‘how much is the fee?’;

four li’l heads bobbed up and down as i gazed out the window trying to crack a supposed intellectual work problem. it took me a while to snap out of it and realize that i wasn’t just imagining it. i smiled. if it was night, i would have been scared our of my wits – the intensity of their stares was something else.

pavi went out and spoke to them. i was trying not to lose focus again. all i could see was pavi listening intently. it must have been something she asked, because all of a sudden, all the four children pointed at me. my heart raced wondering what i had done now. pavi called out to me and i went out.

there was a sparkle in the childrens’ eyes. so it couldn’t be all that bad. i recognized them from my window watching experience a couple of weeks ago. i knew they were children from the nearby slum. today, i would get a chance at give them an identity rather than calling them slum children.

they were hesitant to approach me but their body language showed that they wanted to. they were fascinated by me. i started wondering if there was something in my face or were they merely curious cause of the way i dressed. i started talking to them in kannada. they were surprised. they thought i knew only english. going deeper into that conversation helped me uncover all the juicy details of their venturing out.

they had seen me come every morning and leave every evening to and from a beautiful house. they thought i was mad to be running away from such a lovely thing when they struggled to find space in their own humble lodgings. they had seen me open the doors and come out into the balcony when the volunteers were practicing their dance. they were surprised that anyone in the locality played music. as far as they knew, this was a strict community that didn’t like sounds disturbing their peace – even if the sounds were that of music.

what’s more, they had seen me play cricket with the other children, seen me walk in and out of office with my phone, sometimes with other people. mostly, they had seen me walking around the neighborhood with a different man everyday. apparently, i had never failed to smile at them. i felt guilty when i heard that because i don’t even remember. they said that they came everyday on to our streets just to watch me.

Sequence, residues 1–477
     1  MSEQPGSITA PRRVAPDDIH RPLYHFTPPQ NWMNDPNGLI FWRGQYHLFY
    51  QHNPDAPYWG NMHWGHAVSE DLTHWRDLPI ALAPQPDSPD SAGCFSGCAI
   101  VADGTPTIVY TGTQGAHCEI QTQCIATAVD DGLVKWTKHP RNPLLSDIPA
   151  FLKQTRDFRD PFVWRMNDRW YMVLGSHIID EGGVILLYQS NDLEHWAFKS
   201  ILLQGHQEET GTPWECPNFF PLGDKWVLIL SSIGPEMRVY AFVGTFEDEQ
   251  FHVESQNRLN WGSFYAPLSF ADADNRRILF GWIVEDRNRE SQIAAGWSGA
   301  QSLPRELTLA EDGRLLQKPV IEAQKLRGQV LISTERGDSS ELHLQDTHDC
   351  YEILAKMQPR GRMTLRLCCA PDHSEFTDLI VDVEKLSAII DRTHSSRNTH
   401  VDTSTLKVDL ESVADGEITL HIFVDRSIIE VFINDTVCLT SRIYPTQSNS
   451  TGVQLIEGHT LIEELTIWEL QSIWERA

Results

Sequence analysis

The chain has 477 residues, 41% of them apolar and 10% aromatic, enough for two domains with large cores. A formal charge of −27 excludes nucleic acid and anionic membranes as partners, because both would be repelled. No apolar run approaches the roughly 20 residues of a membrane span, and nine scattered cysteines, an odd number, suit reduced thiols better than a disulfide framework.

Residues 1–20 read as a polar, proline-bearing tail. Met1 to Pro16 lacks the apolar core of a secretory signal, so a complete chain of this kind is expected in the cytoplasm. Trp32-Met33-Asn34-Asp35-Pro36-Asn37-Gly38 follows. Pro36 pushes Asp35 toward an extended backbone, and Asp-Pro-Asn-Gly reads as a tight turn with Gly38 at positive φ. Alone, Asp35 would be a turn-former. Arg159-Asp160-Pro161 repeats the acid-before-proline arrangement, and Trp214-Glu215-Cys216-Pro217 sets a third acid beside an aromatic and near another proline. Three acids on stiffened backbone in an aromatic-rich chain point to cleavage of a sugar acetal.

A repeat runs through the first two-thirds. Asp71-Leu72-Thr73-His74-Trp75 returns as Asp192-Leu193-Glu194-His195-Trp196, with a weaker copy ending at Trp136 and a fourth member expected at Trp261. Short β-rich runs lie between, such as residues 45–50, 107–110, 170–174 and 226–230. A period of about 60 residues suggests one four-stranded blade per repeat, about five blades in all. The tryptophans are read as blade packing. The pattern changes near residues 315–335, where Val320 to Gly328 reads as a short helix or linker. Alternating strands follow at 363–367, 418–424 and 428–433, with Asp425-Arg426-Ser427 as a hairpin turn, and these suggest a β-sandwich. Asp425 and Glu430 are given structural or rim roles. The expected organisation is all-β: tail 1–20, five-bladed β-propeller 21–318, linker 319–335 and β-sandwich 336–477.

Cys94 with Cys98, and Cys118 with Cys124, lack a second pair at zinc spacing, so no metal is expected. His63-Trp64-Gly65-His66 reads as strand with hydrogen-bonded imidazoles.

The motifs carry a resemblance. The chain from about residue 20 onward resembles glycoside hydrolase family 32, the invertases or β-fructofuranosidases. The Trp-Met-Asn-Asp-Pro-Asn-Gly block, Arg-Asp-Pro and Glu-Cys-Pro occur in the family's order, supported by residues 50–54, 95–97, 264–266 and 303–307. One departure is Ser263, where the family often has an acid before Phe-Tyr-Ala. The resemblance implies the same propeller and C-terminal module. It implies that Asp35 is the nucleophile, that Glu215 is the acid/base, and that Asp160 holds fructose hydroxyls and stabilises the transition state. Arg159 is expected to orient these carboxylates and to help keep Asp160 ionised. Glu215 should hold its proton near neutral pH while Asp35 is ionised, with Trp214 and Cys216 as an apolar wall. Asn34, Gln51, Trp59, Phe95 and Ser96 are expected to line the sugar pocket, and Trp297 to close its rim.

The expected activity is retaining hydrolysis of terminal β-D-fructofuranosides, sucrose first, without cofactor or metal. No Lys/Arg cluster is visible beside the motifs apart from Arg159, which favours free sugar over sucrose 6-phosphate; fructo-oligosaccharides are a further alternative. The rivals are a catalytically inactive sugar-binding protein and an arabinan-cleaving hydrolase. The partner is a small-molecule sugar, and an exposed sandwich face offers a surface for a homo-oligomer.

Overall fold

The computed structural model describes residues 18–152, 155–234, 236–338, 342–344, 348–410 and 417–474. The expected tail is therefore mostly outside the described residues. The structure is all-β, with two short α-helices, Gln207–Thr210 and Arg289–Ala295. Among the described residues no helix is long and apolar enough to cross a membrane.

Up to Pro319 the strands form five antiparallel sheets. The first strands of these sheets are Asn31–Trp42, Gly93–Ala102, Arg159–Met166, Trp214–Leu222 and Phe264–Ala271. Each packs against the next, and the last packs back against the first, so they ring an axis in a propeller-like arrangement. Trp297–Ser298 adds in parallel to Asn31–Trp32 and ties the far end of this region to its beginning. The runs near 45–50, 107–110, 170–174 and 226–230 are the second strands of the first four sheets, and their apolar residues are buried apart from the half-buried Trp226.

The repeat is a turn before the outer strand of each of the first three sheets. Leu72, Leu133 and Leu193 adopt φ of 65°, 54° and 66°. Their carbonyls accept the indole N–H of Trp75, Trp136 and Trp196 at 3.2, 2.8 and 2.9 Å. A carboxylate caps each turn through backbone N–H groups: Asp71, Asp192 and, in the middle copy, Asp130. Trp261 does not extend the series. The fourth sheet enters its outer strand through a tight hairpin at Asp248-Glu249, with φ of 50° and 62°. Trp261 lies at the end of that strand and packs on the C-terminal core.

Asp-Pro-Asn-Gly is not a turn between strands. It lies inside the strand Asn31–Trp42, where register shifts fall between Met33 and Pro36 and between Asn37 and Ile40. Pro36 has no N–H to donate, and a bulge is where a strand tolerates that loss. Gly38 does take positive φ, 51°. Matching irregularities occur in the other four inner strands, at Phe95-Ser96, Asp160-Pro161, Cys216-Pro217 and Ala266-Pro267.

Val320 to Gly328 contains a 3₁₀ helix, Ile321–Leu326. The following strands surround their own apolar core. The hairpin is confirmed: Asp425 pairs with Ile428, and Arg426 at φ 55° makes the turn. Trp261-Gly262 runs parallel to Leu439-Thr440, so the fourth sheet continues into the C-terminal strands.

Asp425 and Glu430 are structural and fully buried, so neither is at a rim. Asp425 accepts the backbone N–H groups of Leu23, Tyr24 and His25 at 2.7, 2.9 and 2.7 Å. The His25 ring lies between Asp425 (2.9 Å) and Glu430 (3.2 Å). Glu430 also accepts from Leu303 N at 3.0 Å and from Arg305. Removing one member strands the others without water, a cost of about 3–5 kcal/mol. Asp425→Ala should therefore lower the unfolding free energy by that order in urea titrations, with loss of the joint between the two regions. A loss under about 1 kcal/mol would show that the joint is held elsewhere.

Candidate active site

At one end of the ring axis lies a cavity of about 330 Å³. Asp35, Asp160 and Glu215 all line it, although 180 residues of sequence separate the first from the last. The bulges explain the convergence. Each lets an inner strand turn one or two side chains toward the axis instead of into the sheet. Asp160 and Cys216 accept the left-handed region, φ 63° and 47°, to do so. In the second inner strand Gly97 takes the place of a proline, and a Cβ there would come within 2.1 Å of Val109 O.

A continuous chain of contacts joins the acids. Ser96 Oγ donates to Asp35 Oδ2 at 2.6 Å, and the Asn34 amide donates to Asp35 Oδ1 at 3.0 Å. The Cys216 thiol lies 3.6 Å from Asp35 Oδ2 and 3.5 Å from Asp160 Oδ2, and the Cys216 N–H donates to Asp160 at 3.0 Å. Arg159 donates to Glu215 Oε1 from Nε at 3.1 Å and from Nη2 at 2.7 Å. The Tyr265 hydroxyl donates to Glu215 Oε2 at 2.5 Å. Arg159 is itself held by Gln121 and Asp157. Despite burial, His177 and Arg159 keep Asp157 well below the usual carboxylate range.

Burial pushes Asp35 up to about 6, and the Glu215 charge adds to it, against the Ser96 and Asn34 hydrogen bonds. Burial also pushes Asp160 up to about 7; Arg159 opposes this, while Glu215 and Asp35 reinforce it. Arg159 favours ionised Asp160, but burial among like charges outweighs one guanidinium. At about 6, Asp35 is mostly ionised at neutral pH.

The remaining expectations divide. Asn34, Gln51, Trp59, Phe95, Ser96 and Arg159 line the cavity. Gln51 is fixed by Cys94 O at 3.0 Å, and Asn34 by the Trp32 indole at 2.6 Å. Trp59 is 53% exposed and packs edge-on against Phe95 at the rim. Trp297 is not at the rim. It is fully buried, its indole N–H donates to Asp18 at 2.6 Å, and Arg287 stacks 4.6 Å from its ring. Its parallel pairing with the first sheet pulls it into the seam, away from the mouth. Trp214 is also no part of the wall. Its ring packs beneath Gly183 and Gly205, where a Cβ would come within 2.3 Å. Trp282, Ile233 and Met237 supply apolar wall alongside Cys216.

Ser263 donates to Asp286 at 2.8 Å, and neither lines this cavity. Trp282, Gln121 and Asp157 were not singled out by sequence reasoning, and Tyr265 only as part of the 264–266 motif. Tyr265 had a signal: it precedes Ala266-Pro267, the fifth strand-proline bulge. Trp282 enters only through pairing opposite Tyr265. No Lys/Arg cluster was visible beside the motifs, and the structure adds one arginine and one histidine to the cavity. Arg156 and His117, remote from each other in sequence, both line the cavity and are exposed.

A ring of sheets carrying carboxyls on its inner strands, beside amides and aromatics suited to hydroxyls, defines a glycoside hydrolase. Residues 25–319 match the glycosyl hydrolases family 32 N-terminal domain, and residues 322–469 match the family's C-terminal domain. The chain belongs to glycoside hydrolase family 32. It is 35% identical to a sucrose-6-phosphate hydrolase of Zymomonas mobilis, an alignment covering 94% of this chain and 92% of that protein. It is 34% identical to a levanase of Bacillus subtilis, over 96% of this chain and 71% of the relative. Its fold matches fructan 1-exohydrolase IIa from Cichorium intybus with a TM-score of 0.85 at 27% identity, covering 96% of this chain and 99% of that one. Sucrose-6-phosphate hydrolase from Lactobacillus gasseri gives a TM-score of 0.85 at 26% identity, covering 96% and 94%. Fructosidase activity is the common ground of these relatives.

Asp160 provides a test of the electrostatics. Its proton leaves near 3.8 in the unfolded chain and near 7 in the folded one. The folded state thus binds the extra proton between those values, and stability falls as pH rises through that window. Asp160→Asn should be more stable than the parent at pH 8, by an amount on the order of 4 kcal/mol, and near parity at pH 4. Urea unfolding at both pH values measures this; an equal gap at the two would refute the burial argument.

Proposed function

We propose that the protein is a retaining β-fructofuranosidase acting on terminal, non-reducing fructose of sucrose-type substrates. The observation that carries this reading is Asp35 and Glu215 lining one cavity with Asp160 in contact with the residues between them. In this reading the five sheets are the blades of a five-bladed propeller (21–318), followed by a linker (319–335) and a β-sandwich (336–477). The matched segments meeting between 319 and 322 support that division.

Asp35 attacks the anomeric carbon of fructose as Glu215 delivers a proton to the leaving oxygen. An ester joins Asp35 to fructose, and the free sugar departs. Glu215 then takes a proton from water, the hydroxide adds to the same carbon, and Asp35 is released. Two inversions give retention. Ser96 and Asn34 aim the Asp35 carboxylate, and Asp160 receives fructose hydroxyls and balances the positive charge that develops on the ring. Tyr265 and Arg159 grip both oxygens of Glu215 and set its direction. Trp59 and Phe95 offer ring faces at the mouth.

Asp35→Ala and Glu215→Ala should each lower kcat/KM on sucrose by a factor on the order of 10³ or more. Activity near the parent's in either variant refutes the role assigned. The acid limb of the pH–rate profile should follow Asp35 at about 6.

i was moved beyond belief.

i invited them into the office so they could see the inside of this routine they had created for themselves. they were fascinated. meghana, kavya, vinay and gagan. they were brother-sister couples. they had only the experience of having one room in the house with semi partitions for kitchens and what they call a bathroom. most days they use the public loo. i shudder to think of it.

i took them around the house and then upstairs. they couldn’t understand how another house could stand on top of an existing house. i remember thinking the same thing when i was four years old. the oldest one here was 10.

something happened as they entered the bathroom upstairs. they held it in awe and refused to enter it. they had made it magical place and i was afraid to shatter it. i walked in one step at a time to show them that there’s nothing to be afraid of. they followed, clinging to me, slowly. they started murmuring amongst themselves. they told each other that it was exactly how they saw it on TV. my heart broke, they had not seen something i take for granted every single day. the innocence with which they held on to the mundane things made everything magical for me.they lovingly touched and caressed the surface of the W.C and the bath. i couldn’t help but crack a grin.

then i took them to the terrace and we sat around for a while, giving them time enough for the new experiences to sink in. they all held my hand and we sat in silence for a while. the oldest one, meghana, turned to me shivering and asked me ‘akka, i would like to come here everyday. my father is an auto driver and sometimes we struggle for money, but if i insist and go for work myself in the summer we can make enough money for the fee. tell me, whatever it is, i will try and get that money. how much is the fee?’

for giving you what you should’ve gotten at birth, for the pleasure of your company, for banishing dark clouds that were forming in my head, for loving me and looking for me, how much is the fee?!!!

free. i said. for letting yourself be a child and bring back magic into a stone building, the price, is free.

they came back to office the next day and brought some more of their friends. the picture here is one i clicked on the day they returned.

2 Comments Add yours

  1. Henri says:

    They look soooo cute sitting in the bath! he he he! I like that, “How much is the fee?” litta babies!!!! Awwww


  2. WOW. This is the last thing I ever imagined to read ANYWHERE!! There is a lot going on in my mind but I can’t put it in words right now. All I want to say is that I really admire what you did.


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